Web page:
Relationship rev up
What would you suggest I do to spice up my relationship with my boyfriend? We are no longer affectionate to each other like we used to be when we just met. Please help me. I am desperate for your advice.
As you settle into your relationship, it's pretty common for the initial flames of passion to die down a bit. But even if the flames aren’t a raging bonfire, there would ideally still be some fire burning in the pit and some heat to keep you both warm. When you say you're no longer affectionate with each other, you may find it useful to first ask yourself: What would I like to see change in this relationship? Affection can take many forms and mean many different things. What does this mean for you? For some people, a loss of affection may refer to a change in their actual feelings about their partner or about their relationship. For others, it may refer to a change in loving or caring behavior towards their partner, even if underlying feelings of love and affection remain the same. It may also refer to a decrease in the level of sexual intimacy or the frequency of sexual activity in the relationship. So perhaps you're thinking of one or two of these areas or maybe all of them apply in your situation. Whatever ways you may be thinking of, with some effort from everyone in the relationship, it can heat back up again.
While it's not always easy to identify the feelings you're experiencing, it may be useful to first assess your own feelings for you partner. The flavor of love in a relationship can change over time and this is typical. Over time, the very intense feelings that you first felt when you were falling for your partner can change. The feelings can become deeper, but less all-consuming than in the initial period of the romance. This doesn't mean that all passion and eroticism are gone from the relationship, only that the intense urgency of the previous feelings may be replaced by persistent feelings of love and affection. Some people, in taking stock of their feelings, may find that they their feelings have changed towards their partner, or they feel a strong connection with them, but one that no longer feels sexual. Check your own barometer on your feelings and see what your gauge reads. It may be useful to ask your boyfriend about his feelings. Have the two of you ever communicated about the lack of affection? If not, what might it be like to bring this up with him? See if you can get a sense from him about his feelings, as well.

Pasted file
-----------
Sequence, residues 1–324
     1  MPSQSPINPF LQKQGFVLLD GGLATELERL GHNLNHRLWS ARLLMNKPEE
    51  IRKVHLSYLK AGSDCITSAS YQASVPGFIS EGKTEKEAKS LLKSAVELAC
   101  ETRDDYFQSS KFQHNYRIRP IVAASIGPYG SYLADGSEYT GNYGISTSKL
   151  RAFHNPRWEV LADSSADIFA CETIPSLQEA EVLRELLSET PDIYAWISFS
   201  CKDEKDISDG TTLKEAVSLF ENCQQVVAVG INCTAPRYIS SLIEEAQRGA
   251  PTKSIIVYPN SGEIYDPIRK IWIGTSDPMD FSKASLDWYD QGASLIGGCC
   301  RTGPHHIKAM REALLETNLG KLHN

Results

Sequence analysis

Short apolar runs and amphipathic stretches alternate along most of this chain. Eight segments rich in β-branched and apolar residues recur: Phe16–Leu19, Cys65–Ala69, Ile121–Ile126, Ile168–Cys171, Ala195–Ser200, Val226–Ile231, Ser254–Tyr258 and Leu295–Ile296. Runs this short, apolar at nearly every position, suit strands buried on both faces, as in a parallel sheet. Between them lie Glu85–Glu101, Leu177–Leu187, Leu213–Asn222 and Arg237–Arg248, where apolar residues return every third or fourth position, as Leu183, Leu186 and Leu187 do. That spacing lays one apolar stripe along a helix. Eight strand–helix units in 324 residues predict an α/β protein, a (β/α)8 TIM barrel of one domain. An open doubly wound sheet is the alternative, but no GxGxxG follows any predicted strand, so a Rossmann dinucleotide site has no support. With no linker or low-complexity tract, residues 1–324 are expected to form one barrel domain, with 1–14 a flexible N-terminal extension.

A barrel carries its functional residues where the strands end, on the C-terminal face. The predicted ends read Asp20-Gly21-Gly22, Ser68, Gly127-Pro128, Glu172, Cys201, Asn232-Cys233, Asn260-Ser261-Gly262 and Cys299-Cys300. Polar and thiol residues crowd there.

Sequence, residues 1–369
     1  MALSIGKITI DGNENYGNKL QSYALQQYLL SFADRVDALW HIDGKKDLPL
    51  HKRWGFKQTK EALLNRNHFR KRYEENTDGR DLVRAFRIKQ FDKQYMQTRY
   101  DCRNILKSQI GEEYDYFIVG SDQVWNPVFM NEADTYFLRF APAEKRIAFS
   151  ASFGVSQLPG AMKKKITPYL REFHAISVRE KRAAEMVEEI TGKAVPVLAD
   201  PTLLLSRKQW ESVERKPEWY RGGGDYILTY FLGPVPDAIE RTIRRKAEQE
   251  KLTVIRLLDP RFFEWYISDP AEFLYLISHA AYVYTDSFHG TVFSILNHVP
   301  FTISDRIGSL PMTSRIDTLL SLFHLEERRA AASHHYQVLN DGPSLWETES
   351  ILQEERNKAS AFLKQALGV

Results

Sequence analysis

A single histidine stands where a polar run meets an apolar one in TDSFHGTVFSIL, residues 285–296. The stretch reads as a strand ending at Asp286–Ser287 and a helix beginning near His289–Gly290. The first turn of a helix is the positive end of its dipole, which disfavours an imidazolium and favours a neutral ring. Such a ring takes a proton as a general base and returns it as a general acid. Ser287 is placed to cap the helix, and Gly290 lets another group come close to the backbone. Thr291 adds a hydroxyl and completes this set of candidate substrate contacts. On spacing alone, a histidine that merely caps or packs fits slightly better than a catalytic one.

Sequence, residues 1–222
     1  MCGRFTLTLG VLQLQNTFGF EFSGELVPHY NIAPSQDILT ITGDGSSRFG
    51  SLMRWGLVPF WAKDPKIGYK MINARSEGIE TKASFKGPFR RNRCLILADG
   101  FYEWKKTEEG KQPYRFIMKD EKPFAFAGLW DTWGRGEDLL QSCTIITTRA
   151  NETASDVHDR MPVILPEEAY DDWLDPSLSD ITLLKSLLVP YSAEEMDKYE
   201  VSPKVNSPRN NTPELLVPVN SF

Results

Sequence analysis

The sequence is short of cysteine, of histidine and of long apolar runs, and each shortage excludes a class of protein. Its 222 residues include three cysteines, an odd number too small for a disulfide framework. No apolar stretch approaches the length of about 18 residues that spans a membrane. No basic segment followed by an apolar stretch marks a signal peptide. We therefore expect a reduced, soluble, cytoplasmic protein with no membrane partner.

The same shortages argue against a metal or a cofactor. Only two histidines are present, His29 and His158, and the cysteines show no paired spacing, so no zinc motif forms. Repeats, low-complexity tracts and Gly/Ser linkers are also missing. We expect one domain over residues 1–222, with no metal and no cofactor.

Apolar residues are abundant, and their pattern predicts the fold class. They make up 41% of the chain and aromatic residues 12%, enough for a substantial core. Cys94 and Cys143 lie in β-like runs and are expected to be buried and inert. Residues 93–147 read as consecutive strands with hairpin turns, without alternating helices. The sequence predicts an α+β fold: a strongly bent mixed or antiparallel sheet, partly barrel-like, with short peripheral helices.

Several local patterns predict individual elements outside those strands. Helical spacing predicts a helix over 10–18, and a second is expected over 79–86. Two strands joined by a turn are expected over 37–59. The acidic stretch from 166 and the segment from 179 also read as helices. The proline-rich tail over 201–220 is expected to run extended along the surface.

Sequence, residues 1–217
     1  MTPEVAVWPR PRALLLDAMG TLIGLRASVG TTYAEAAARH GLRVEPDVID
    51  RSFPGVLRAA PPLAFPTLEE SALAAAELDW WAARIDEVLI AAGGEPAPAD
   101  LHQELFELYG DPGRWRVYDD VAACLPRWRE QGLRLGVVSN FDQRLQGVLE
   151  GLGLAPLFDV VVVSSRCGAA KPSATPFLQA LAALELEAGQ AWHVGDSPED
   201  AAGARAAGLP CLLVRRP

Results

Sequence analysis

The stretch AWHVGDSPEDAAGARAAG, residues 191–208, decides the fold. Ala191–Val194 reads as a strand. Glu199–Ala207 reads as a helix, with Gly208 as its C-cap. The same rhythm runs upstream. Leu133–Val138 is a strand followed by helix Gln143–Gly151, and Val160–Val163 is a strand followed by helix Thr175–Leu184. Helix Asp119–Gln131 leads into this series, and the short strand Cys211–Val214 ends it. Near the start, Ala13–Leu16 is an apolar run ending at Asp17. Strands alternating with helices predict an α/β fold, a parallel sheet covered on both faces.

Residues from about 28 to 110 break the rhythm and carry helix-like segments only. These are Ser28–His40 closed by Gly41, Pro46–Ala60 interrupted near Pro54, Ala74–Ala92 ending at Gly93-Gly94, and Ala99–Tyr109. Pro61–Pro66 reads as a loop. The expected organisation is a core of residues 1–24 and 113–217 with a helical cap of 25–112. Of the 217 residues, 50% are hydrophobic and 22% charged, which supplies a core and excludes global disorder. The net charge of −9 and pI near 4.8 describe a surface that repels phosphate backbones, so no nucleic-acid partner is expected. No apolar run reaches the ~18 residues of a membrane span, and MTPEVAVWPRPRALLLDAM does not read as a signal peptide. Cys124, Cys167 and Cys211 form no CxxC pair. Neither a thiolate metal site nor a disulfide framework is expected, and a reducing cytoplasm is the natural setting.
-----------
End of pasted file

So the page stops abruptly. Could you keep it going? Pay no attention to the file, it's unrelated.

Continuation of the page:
If the two of you still have feelings for each other and both wish to stay together, talk about what each of you would like to see different in the relationship. Do you find you agree on the changes you’d like to see or that there are some areas of departure? Are there areas where compromise could be made? Here are some possible ways to increase the affection in your relationship:
- Try carving out more time to spend together. This could include anything you enjoy, such as visiting new places, cooking meals together, or any number of activities.
- Increase the affectionate touch that you have for each other outside the bedroom as it can increase overall passion.
- Designate a date night for you and your boyfriend, which could ensure an opportunity for some time to set a mood that could increase romance and affection.
- Be open with each other about sex, including your wants, desires, and other emotions connected to sex. You can also try mixing up the type of sex you have to get away from any routine you may have formed.
By sharing some of these ideas with your boyfriend, you may be closer to reigniting that affection. While talking about it may feel a bit uncomfortable, talking with each other about your needs in the relationship is a good first step in getting those needs met. You could start with mentioning how you can support each other such as, "When you do (insert affectionate action here), I feel loved by you. Can you do that more? Are there ways you'd like me to show you more affection?" Even if you initially change your behavior, it may not mean that you suddenly feel closer to each other. Keep at it for a while, even if it feels like a lot of work. Relationships in real life (unlike relationships in movies), do take work. They're like gardens that require upkeep (or fires that need to be stoked). Healthy relationships need both partners’ attention. Be curious about each other’s needs, willing to think about and share your own, and willing to work together to meet as much of those needs as feels reasonable for each person.
If working this out on your own feels like it still isn’t getting you anywhere, trying couples counseling is another good option. A mental health professional can help you both notice what patterns may be interfering with the intimacy or affection in the relationship and may be able to help you both learn to shift those patterns.
Here’s to reigniting the passion pilot light!
Originally published May 24, 1996
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